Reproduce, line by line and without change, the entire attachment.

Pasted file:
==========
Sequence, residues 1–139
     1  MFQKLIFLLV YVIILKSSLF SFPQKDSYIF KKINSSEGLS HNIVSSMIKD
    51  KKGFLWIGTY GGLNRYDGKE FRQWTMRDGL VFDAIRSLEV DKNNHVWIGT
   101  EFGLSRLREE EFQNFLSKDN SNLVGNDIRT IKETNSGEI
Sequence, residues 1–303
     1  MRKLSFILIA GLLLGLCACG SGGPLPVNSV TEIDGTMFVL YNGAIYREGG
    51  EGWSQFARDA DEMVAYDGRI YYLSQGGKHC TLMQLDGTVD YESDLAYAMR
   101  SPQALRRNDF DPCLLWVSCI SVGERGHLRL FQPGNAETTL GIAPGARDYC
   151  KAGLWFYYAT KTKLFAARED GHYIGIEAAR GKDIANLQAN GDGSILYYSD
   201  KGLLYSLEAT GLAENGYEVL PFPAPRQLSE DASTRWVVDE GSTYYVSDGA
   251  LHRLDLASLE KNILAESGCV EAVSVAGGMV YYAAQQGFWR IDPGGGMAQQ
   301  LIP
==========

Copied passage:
Sequence, residues 1–139
     1  MFQKLIFLLV YVIILKSSLF SFPQKDSYIF KKINSSEGLS HNIVSSMIKD
    51  KKGFLWIGTY GGLNRYDGKE FRQWTMRDGL VFDAIRSLEV DKNNHVWIGT
   101  EFGLSRLREE EFQNFLSKDN SNLVGNDIRT IKETNSGEI
Sequence, residues 1–303
     1  MRKLSFILIA GLLLGLCACG SGGPLPVNSV TEIDGTMFVL YNGAIYREGG
    51  EGWSQFARDA DEMVAYDGRI YYLSQGGKHC TLMQLDGTVD YESDLAYAMR
   101  SPQALRRNDF DPCLLWVSCI SVGERGHLRL FQPGNAETTL GIAPGARDYC
   151  KAGLWFYYAT KTKLFAARED GHYIGIEAAR GKDIANLQAN GDGSILYYSD
   201  KGLLYSLEAT GLAENGYEVL PFPAPRQLSE DASTRWVVDE GSTYYVSDGA
   251  LHRLDLASLE KNILAESGCV EAVSVAGGMV YYAAQQGFWR IDPGGGMAQQ
   301  LIP